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I put down gardens and kids. They bring people together. The kids get to grow up learning where their food comes from.  Gardens build community. Also medicinal gardens, spaces for workshops and an open park space where people can come and enjoy space and peace.” – Rasa Lila, Town of Taos

I would like to see more links, more transportation links like trails and paths to link people to nature and businesses. The problem in Taos is that you have to drive everywhere ‘cause there is nowhere to safely walk with your kids or to bike without fear of getting run over, you know? We live very close to Rio Fernando Park but here is no way that I would walk there with my kids. It is too dangerous along that road. Same with Fred Baca park. So I’d love to see some trails that could help us get there without being in danger.” – Cathy Theriot, Town of Taos

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I want to see a park where the public can easily feel like this is their space. I want to see a park with equitable access. Walking space, places for youth to hang out. I want to see a park with edible fruit trees where people can stop off for a snack. I want to see a park where our youth are involved. I know there has been a talk about a lot of agricultural activities. But let’s make sure that is kid focused. I’d love it if there was an after school agricultural club where the kids can take those veggies home, maybe sell them at the market.” – Anonymous, Town of Taos

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One of my biggest concerns for the community is the high alcoholism and drug use. There aren’t a lot of things to do with children so as a mama I am always looking for things to do and I’ve been thinking about these things for months.  For me a park like this we could have places where we could have picnics on blankets under trees, trails integrating the parks for walking and biking, little obstacle course workout thing, gardening and acequia workshops. You could have a sensory part of the park that the schools and OTs could use for therapy for the kids.” – Riana England, Town of Taos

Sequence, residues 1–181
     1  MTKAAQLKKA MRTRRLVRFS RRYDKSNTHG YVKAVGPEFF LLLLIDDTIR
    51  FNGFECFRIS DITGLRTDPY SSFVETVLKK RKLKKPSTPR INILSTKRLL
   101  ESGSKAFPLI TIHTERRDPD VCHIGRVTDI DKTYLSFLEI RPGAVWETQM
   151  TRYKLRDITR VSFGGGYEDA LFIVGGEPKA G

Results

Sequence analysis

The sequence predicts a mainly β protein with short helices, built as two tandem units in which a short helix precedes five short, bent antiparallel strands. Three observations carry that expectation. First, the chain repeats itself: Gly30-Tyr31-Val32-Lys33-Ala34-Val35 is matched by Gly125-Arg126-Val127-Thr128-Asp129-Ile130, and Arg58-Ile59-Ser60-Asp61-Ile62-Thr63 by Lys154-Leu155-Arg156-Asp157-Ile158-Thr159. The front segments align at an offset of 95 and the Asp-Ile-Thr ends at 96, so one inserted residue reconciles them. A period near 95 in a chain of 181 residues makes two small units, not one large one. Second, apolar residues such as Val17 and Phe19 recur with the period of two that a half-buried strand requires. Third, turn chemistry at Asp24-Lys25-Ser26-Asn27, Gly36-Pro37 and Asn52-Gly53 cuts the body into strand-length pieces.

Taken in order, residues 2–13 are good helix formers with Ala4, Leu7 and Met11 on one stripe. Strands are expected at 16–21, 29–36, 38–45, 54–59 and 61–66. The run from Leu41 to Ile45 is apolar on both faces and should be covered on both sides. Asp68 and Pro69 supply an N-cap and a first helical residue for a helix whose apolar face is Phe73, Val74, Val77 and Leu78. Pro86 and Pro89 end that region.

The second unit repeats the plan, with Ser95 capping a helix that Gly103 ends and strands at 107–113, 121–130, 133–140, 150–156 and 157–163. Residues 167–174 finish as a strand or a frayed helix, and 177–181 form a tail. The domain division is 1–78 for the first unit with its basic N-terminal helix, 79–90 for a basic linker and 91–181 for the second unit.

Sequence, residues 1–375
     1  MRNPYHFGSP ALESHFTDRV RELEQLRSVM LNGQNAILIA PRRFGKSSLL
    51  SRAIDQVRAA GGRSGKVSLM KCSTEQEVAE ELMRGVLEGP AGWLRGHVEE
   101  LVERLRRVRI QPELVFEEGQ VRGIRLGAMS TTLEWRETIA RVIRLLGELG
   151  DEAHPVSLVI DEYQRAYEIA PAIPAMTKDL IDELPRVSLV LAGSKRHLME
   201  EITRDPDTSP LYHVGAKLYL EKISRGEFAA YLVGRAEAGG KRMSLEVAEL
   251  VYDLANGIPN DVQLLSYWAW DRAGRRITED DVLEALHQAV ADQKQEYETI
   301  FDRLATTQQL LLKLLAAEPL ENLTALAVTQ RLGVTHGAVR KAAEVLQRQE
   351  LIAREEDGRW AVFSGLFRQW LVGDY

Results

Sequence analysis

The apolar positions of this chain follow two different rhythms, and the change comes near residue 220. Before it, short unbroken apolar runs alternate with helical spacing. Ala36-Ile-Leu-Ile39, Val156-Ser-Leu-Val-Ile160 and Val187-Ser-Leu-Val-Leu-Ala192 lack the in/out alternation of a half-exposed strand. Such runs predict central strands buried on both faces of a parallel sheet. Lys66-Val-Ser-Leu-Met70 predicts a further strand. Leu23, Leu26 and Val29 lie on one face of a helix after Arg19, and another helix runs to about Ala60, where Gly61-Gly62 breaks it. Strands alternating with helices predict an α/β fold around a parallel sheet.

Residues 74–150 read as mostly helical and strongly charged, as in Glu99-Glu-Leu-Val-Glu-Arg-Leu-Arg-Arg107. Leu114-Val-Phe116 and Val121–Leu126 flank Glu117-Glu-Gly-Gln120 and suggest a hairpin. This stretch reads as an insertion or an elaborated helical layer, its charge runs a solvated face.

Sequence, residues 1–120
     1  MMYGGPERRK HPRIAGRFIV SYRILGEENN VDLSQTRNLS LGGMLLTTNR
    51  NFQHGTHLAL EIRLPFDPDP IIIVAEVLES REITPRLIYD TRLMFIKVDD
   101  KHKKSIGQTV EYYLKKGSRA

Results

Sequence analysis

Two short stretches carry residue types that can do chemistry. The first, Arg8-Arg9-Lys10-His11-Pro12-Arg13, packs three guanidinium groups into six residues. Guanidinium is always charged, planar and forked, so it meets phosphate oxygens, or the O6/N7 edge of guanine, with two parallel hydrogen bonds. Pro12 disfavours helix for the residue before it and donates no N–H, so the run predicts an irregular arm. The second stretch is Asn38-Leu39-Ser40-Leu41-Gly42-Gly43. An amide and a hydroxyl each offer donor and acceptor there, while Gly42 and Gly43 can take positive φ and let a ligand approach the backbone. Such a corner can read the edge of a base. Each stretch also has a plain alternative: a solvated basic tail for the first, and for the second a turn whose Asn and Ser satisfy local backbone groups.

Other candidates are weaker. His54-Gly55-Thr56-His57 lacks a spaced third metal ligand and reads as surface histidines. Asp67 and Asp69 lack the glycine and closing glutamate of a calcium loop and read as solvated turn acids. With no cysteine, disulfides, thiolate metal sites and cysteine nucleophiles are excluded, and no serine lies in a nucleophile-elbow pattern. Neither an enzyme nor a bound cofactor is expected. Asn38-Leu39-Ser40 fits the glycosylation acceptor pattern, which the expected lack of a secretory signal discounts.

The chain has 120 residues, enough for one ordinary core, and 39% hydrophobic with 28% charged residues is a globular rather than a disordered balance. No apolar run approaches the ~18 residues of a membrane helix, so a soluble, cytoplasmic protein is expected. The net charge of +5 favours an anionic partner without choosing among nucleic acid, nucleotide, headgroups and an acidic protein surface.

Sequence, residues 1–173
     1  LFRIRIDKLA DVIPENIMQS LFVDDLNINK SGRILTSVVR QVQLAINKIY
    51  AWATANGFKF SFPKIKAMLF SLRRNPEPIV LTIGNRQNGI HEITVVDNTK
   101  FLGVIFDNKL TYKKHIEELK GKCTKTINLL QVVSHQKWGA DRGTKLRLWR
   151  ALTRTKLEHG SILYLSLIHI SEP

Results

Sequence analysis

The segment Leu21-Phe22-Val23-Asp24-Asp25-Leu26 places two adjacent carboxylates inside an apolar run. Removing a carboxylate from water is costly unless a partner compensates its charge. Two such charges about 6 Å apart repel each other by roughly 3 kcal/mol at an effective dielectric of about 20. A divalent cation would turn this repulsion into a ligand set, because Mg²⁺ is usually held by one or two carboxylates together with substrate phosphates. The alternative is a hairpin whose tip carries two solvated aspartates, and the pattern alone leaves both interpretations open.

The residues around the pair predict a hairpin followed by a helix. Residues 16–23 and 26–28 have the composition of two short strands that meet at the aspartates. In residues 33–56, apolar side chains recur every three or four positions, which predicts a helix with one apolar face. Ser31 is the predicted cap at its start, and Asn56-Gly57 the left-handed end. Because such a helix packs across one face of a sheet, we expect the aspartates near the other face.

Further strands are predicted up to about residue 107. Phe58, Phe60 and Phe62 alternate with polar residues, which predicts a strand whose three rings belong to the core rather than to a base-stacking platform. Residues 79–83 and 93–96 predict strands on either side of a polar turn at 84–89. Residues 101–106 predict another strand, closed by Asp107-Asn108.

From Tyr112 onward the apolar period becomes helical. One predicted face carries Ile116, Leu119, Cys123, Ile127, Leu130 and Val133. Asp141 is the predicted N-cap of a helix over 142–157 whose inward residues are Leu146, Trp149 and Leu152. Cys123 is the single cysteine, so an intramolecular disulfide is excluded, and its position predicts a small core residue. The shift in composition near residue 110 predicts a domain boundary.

Rio Fernando Park

Image: Cody Hooks

Coming up Next

We will host another public visioning event April 29th and we will be doing multiple meetings and events in association with Parks Rx Day and Arbor Day. So there are a lot of opportunities for you to have your say.  We urge you to come and let us know what you’d like to see on the land. Keep an eye out here and on our Facebook Page and Twitter account for the details!

If you can’t make one of these events we urge you to send us your ideas via the Rio Fernando Park website.

Thank you Taos!


Jim O'Donnell

Jim was born and raised in southern Colorado. He obtained both a BA in Anthropology and a Masters in Community and Regional Planning from the University of New Mexico. After ten years as an archaeologist and Jim served as the lead organizer for the Coalition for the Valle Vidal and after as the Northern Director for the New Mexico Wilderness Alliance. Today Jim works part time as a freelance journalist, conservation photographer and our communications lead. He is the author of “Notes for the Aurora Society” and leads yearly photography workshops to Havana, Cuba.